Law Firm Innovation: A formalized approach to obtaining client feedback provides an important opportunity to understand your clients’ needs and expectations, as well as understand how your firm is performing through the client’s lens. During a time of disruption and uncertainty, identifying opportunities to proactively assess potential client pain points through their relationship with the firm can help to assuage unnecessary client stress and frustration. Empowering individuals within the firm to identify issues that arise in routine processes provides opportunities to make adjustments that create greater client satisfaction in the long run. Bell, Davis & Pitt, P.A., is doing just that.
Brandi Michelle Hobbs, client strategy officer, Bell, Davis & Pitt (Charlotte, N.C.). “Client service interviews, when done well, can be a valuable way to find out how individual clients feel about the experience they are having with your firm. Absent direct client feedback, identify individuals or teams primarily responsible for each step of the client journey — intake, billing, client relations, and so on — and discuss with them the issues that arise in the normal course of business. If your clients are frustrated, these conversations will help identify sources of friction and ways to relieve it. Collecting this information has always been important but never more so than after a period of significant change and disruption. This could be a firm merger, turnover within the firm or client company, or — as many of us have recently experienced — suddenly adjusting all of your firm’s processes due to a global pandemic.”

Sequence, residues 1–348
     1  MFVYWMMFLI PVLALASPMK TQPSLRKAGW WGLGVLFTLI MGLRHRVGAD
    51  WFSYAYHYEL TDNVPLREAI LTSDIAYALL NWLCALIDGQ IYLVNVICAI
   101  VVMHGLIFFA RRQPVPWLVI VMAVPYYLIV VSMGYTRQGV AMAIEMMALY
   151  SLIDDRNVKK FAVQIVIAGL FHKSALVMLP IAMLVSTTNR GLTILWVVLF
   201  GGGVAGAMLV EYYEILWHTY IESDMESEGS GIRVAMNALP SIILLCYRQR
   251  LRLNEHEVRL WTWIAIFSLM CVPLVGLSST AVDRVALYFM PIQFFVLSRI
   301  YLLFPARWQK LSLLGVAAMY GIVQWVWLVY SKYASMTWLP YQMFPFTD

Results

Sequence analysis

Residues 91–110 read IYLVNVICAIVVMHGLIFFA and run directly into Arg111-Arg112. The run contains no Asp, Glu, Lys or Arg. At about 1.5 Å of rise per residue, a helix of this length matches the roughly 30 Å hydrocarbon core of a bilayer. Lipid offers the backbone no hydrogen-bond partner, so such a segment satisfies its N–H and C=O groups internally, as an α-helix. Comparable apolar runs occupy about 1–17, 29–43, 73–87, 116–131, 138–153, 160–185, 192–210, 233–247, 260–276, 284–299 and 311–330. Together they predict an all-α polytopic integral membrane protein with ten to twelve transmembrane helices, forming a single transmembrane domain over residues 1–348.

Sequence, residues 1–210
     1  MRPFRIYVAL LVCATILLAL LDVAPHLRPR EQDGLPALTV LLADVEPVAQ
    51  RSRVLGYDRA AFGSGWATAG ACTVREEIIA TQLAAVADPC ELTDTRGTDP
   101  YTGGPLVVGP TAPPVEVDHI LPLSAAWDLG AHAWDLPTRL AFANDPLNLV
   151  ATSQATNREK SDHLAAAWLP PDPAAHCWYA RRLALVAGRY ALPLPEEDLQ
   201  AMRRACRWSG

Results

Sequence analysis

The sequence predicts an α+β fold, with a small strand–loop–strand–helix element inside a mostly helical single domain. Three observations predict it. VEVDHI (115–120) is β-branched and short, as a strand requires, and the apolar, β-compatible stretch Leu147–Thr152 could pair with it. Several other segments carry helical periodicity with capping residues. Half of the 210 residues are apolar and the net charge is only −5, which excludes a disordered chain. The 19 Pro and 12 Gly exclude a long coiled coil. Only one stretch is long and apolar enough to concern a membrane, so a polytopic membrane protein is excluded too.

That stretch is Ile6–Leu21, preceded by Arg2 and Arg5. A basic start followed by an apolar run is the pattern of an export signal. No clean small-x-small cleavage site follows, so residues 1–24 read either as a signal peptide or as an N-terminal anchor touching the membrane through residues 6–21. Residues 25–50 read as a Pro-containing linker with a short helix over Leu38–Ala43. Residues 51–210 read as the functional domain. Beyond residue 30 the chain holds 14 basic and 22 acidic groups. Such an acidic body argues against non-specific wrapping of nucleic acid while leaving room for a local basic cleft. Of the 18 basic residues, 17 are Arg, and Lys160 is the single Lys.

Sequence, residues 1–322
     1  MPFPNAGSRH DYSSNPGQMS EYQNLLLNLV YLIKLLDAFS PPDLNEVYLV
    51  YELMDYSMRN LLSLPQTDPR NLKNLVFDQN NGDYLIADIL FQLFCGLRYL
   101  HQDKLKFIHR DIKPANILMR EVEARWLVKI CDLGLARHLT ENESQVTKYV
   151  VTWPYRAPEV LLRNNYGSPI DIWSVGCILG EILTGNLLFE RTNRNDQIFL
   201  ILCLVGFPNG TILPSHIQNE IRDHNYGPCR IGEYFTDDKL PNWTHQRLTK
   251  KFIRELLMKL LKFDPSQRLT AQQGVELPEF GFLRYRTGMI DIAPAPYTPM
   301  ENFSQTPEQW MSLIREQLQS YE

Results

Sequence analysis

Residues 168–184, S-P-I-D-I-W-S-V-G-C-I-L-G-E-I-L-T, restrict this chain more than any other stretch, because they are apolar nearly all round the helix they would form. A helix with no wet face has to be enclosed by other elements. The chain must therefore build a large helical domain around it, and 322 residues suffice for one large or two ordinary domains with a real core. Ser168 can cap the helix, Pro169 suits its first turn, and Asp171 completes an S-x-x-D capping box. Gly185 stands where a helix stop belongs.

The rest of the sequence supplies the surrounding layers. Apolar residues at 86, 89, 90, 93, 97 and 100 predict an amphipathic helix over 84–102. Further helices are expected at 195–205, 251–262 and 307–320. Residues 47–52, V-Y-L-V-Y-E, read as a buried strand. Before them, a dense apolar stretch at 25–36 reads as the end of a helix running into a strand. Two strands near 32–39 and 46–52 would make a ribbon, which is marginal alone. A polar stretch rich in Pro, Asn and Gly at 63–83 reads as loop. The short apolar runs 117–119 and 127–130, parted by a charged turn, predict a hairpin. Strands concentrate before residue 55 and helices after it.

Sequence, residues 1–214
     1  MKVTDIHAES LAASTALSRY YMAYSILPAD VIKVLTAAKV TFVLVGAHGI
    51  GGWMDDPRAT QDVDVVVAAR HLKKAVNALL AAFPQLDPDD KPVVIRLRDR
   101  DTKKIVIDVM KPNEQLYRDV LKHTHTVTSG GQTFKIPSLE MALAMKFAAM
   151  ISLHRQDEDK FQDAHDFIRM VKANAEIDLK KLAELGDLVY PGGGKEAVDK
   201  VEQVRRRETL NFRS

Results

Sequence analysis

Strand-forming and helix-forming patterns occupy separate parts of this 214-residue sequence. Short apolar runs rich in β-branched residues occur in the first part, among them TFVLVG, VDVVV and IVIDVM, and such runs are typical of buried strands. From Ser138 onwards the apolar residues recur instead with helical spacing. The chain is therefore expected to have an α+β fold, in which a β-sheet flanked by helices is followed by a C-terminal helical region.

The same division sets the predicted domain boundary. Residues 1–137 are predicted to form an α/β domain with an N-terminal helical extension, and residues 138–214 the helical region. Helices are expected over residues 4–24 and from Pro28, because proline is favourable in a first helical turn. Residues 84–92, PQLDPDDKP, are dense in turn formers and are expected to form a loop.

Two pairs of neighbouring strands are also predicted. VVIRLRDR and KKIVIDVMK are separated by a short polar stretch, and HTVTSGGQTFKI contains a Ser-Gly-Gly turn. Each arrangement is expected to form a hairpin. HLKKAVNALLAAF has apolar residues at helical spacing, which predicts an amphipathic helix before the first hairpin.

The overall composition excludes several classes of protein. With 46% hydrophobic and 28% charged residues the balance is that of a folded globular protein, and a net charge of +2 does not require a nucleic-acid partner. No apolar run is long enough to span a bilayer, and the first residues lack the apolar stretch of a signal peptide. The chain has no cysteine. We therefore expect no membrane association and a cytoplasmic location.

Providing Cost Certainty Without Compromising Quality
Law Firm Innovation: Cost predictability and certainty are of significant value to most clients when embarking on a matter, especially in times where decision-makers are pushed to reduce spend. Offering cost certainty without compromising on the quality of service provides clients with confidence in their hiring decision. Miles Mediation & Arbitration understands the need for cost certainty in alternative dispute resolution.
Marcie Dickson, former CMBDO, Miles Mediation & Arbitration (Atlanta). “At Miles Mediation & Arbitration, we elevated the quality of client service by adding an ‘elite concierge team’ that collaborates with customer success, marketing, operations and finance to ensure a seamless and enjoyable experience for every client. We also listened intently to clients about what they needed from us to expedite case resolution in a more cost-effective manner. With this feedback, we developed several innovative programs that addressed our clients’ critical needs, including launching a flat fee online dispute resolution platform: ADR On Demand, which enables each party to pay a small fee to mediate a lower value claim for three hours. ADR On Demand has a separate panel of neutrals that handles these cases, and each case is assigned to a neutral via randomized selection. The response from clients has been phenomenal; they appreciate the opportunity to control costs, all while receiving the same high-quality service they would expect from our primary panel of neutrals.”
Taking a Personal Approach to Thought Leadership
Law Firm Innovation: For years, studies have shown that content that an organization’s employees share reaches exponentially further than the same content when the organization itself shares it. In fact, recent studies show that content travels as much as eight to 10 times further. Engaging lawyers and staff to share firm content with their networks through personalized outreach pays in dividends. Wilmer Cutler Pickering Hale and Dorr LLP knows the value of this strategic and thoughtful approach to content.